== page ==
Taking J Street to task

By
February 23, 2014 21:22

A new critical documentary takes on the American lobbying group that professes to be pro-peace and pro-Israel.

Justice Minister Tzipi Livni at the 2013 J Street Conference.

Livni at 2013 J Street conference 370. (photo credit:YouTube Screenshot/J Street)

Halfway through J Street Challenge, the organization’s leader Jeremy Ben-Ami is shown detailing a laundry list of Jewish establishment organizations; the Conference of Presidents, American Jewish Committee, Jewish Federations and Jewish Community Relations Council, and calling them a “multi-headed hydra.” This goes to the heart of the argument made in the documentary released February 17: J Street is a deceptive organization that is fundamentally opposed to the interests of Israel and its supports in the American Jewish community.

This new critical documentary is being released by the conservative Americans for Peace and Tolerance and produced by Avi Goldwasser, who was previously involved with The David Project and other films, including a profile of Jewish refugees from Arab countries. The premise is that we have become inured to the lobbying group J Street’s mantra, since its founding in 2008, that they are pro-peace and pro-Israel. Bringing in boiler-plate pro-Israel views, such as noting that Israel is surrounded by 22 hostile Arab regimes, and that Palestinian politicians often say one thing in English and another thing in Arabic, this video seeks to pick apart, piece by piece, the J Street agenda.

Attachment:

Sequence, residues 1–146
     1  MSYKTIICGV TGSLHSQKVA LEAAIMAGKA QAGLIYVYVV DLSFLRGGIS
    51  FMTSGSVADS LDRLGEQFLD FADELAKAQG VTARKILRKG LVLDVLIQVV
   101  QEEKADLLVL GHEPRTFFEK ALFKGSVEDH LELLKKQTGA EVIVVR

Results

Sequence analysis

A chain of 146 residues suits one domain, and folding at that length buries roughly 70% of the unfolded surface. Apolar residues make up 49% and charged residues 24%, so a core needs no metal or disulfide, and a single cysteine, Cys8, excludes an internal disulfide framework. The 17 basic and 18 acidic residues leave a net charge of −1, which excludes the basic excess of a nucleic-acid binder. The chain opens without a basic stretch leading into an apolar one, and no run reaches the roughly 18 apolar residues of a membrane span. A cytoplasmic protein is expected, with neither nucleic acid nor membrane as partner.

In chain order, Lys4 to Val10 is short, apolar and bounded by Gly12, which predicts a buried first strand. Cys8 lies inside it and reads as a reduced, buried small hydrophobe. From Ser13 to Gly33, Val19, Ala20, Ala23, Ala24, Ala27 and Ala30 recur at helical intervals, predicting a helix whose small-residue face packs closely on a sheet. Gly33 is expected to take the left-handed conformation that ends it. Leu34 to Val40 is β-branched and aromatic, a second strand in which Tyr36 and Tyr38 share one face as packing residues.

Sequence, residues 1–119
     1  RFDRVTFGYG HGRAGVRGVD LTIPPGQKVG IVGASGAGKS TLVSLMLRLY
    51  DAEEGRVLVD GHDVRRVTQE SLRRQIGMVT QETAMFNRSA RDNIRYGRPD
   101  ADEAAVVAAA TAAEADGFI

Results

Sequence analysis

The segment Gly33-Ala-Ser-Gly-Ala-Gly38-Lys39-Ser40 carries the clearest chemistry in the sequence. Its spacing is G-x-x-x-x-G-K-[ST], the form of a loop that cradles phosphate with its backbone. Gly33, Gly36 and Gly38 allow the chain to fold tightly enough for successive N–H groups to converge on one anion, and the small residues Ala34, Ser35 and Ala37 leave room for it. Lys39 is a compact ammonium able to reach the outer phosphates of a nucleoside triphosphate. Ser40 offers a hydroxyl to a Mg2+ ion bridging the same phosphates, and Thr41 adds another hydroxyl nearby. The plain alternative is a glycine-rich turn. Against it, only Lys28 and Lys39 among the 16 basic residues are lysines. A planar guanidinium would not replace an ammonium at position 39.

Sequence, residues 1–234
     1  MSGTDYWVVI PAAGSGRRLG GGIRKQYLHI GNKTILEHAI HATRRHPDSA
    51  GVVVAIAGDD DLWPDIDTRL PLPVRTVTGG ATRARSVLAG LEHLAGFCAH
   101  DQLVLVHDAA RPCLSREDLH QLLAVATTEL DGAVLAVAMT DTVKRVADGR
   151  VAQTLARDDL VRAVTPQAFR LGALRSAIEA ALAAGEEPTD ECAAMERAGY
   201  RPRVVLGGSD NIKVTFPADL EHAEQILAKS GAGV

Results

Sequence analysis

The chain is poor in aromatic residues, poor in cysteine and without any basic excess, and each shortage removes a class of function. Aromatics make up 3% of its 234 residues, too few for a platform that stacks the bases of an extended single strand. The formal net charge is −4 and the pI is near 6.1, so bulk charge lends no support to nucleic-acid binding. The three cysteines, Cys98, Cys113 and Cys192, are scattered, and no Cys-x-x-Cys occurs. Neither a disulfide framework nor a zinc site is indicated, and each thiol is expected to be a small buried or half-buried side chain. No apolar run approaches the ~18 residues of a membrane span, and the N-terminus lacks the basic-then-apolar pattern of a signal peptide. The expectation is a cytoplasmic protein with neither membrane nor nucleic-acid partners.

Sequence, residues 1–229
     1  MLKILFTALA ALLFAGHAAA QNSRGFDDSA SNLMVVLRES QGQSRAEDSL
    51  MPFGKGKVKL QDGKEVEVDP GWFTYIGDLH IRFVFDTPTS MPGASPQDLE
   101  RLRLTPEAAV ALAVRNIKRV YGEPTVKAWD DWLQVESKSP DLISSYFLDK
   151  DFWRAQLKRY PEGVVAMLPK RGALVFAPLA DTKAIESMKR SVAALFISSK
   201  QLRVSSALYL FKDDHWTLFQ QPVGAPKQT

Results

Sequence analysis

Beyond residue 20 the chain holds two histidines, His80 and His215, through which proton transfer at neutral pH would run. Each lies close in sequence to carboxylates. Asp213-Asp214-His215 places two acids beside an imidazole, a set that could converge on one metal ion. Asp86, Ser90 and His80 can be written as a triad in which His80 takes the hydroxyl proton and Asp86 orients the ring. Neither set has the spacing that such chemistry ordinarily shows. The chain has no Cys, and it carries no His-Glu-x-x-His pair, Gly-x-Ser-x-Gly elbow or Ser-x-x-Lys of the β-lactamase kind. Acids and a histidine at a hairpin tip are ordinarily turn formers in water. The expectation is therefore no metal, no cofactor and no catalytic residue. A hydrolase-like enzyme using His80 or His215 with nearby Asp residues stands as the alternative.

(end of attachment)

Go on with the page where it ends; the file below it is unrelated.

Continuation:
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In the one-sided argument the film builds, J Street officials are seen as being either naive or purposely deceptive in relating to the Palestinian leadership. The narrator notes: “J Street trusts the Palestinian leadership to negotiate in good faith.” Naomi Chazan, a former MK and leader of the New Israel Fund, notes that the current Palestinian leadership is the “most amenable group of leaders Israel has had.” Jabril Rajoub, currently head of the Palestine Olympic Committee, is then shown supporting peace, but on April 30, 2013 on an Arabic television show Al-Mayadeen, he says, “we don’t yet have a nuke, but I swear that if we had a nuke, we’d have used it this very morning.”

The main revelation is primarily the compilation a long list of evidence in one place that impugns J Street’s claims. For instance, the film notes that those who support the Boycott, Divestment and Sanctions movement have received a welcome mat. In addition the narrator asserts that “in the 2012 congressional elections J Street supported [US Congressional] representatives it claims are pro-Israel.” Yet they argue that one of those supported, John Dingell from Michigan, was one of only two Congressmen to vote against a cooperation bill with Israel that was voted on in Congress.


Jerusalem Post columnist Caroline Glick notes in her interview that “they are trying to erode that wall-to-wall support Israel enjoys among the American people and among politicians in Washington.”

The documentary is an inviting blend of young pro-Israel activists, such as Miri Kornfeld of StandwithUs, and veterans such as Alan Dershowitz, and is sure to appeal to a Jewish audience. Whether they will be receptive to it, given the barrage of Israel-related content, is questionable, since the hour-long format seems slightly long for young people today who seek short clips with talking points.

However the film’s main strength is that it raises serious questions about J Street’s agenda. For instance, one interviewee, Noah Pollak, an eloquent speaker from the Emergency Committee for Israel, claims that J Street seeks to put the blame solely on Israel, saying, “If this conflict is all about the stuff that we did wrong to them, it is empowering because it means we can solve it.”

Harvard scholar Ruth Wisse goes further: “they align themselves on the Arab side.”
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